Often missed by families cruising along Highway 6 on their way to and from the Oregon coast after a day at the beach, the Tillamook State Forest Center is a great place to stop and stretch your legs while (unintentionally) learning a wealth of local history. We’re all about sneaking in a little education on our family vacations, making this more than a worthwhile pit stop. With nature-based programs that cover everything from the local birds to plants and fungi, the Tillamook State Forest Center boasts a little something for the naturalist in everyone. Once you’ve absorbed your fill, head outdoors and hike along the easy trails where you can spot the very wildlife you just learned about. The surrounding woods are teeming with local fora and fauna, so bring a camera to capture everything that your mini John Muirs can spy with their little eyes.
When to go: Their hours are seasonal based on the following schedule:
Spring: Wed – Sun, 10:00 am – 4:00 pm
Summer: 7 days a week, 10:00 am – 5:00 pm
Fall: Wed – Sun, 10:00 am – 4:00 pm
The center has been known to close early on account of weather, so we highly suggest calling to confirm before you make the trip. They can be reached at either 503-815-6800 or 866-930-4646.
Travel time: An hour drive west of Portland on Highway 6.
What to see/do: The Tillamook State Forest Center was built to help educate the public about the Tillamook Burn, a series of forest fires that destroyed over 350,000 acres of old-growth timber from the 1930s to the 1950s, as well as to promote stewardship of local forests. Kids can learn about the forest plants and animals with hands-on exhibits.
Let your elementary-school-aged kids use magnetic cut-outs to match animals to their native habitat or play a computer game that puts them in the boots of a forest district ranger. There are authentic animal pelts to touch, and exhibits of plants and flowers that are not only pretty to look at, but also tell us about the age and the health of the forest.
Toddler and babies have their own place in the back corner of the center, with a hollowed-out tree begging to be explored, blocks and books. There’s also a tunnel that gives little tourists a mock-up underwater view of salmon run.
In the middle of the center, visitors can learn about the pioneers who settled in the Tillamook State Forest and the people who helped replant the forest after the fires. The center also shows a film at regular intervals giving a history of the fires and describing how the community came together to heal the forest.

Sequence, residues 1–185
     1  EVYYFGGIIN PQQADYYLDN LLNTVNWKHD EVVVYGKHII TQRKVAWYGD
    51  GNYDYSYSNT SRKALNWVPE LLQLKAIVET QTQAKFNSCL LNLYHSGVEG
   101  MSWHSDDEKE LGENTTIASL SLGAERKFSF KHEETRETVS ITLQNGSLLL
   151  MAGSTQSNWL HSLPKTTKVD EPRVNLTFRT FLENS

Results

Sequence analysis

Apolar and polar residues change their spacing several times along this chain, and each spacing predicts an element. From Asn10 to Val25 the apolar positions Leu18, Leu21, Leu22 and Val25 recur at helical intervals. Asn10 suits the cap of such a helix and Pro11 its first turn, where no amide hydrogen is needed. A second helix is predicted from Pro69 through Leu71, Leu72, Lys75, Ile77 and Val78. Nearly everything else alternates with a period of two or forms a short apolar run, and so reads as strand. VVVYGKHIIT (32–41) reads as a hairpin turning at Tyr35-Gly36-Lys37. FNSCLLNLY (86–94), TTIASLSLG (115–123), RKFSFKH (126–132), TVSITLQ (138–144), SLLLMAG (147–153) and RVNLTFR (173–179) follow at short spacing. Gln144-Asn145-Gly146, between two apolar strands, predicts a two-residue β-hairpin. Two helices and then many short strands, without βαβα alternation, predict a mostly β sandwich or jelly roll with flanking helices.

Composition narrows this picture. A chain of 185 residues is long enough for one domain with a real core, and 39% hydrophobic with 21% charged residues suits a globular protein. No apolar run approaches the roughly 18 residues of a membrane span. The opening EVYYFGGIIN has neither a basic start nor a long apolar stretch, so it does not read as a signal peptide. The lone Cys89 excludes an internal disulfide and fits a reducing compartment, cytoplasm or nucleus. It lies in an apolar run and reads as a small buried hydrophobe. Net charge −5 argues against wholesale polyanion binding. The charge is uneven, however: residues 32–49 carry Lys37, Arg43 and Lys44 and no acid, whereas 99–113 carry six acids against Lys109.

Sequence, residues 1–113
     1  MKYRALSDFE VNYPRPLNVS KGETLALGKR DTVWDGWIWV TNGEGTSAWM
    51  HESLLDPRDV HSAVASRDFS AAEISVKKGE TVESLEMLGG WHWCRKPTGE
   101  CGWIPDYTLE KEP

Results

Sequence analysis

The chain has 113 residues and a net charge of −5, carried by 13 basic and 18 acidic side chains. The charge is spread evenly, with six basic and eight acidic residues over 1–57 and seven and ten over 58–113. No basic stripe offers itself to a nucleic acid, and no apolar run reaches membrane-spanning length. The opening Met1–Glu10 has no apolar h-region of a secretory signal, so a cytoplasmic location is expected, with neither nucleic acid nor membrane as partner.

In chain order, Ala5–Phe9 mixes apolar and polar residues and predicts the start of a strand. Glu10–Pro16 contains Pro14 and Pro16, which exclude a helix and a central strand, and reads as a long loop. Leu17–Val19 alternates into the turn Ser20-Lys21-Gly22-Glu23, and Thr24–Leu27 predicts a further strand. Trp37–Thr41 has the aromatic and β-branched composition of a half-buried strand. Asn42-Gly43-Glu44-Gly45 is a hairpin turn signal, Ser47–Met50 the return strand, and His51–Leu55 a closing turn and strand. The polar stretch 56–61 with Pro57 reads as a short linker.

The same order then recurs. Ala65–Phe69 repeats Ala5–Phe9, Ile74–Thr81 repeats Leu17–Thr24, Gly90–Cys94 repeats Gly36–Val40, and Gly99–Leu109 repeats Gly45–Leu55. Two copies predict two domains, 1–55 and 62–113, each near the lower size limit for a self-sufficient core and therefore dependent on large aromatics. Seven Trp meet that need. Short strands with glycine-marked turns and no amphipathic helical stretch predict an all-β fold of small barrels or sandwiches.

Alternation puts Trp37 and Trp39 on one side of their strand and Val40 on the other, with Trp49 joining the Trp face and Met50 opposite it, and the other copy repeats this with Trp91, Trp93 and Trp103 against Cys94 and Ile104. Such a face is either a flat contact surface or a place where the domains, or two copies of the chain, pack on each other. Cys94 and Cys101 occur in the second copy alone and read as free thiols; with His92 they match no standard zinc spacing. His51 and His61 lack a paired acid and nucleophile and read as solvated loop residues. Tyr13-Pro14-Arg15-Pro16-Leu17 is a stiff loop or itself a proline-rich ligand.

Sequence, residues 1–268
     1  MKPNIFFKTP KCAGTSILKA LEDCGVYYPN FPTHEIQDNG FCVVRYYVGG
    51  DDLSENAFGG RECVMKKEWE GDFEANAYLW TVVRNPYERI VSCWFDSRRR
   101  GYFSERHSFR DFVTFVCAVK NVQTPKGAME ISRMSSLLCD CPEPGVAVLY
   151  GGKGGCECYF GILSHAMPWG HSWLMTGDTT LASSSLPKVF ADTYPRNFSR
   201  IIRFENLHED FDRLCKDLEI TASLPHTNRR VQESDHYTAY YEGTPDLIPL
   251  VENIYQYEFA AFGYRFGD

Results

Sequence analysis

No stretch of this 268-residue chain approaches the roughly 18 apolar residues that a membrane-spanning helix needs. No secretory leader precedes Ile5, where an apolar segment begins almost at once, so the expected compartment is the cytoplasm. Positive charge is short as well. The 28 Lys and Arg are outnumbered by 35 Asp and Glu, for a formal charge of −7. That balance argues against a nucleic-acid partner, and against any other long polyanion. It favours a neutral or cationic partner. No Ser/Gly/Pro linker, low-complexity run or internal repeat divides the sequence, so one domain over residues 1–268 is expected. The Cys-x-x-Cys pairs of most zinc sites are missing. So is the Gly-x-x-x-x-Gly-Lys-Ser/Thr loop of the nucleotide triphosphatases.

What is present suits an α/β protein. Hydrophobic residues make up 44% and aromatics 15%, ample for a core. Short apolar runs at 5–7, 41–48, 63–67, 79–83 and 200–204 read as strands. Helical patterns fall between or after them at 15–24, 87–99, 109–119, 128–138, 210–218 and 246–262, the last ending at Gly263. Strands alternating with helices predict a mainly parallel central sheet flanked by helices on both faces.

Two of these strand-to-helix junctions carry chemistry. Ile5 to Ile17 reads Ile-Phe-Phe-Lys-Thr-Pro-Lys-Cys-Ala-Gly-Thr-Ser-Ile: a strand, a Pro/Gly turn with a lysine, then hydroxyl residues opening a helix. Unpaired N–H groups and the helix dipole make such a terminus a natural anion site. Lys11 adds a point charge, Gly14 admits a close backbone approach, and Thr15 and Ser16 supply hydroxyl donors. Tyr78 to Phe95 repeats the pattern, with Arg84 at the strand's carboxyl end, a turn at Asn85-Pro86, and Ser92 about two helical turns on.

The journey continues outside, where those with strong legs can climb the 40-foot replica of a forest fire lookout tower at the center’s entrance. Behind the center is a 250-foot suspension bridge that takes hikers over the Wilson River to easy, kid-friendly trails that lead into the forest and along the river.
Need to know: The Wilson River trail does eventually lead right down to the river, so be sure to keep little ones close to you. The center also rents out a banquet room for events, which can make the parking lot a bit busy during summer weekends. The film includes footage of the fires and the devastation, and can be a bit dramatic if your little one frightens easily.
How to dress/What to bring: Wear comfortable clothes and sturdy shoes if you plan to go hiking. It’s Oregon, so it’s also a good idea to bring a rain jacket unless you are going in the middle of the summer. If there is sunshine, you’ll definitely want to slather on sunscreen. There’s also a certain amount of overgrowth along some of the trails, so you may want to consider wearing long pants, even in the summer. While there are a few vending machines at the center, there’s no snack bar and the closest restaurants are several miles down the road. So, pack a lunch and plan to have a picnic at one of the chairs or benches around the center, or travel down the road into Tillamook for a proper meal.
Cost of trip: Admission to the center is free, though donations are gladly accepted.
Tillamook Forest Center
45500 Wilson River Highway
Tillamook, Or 97141
What was the highlight of your last visit to the State Forest Center?
Phone credit: Tamara Miller & The Tillamook Forest Center Facebook page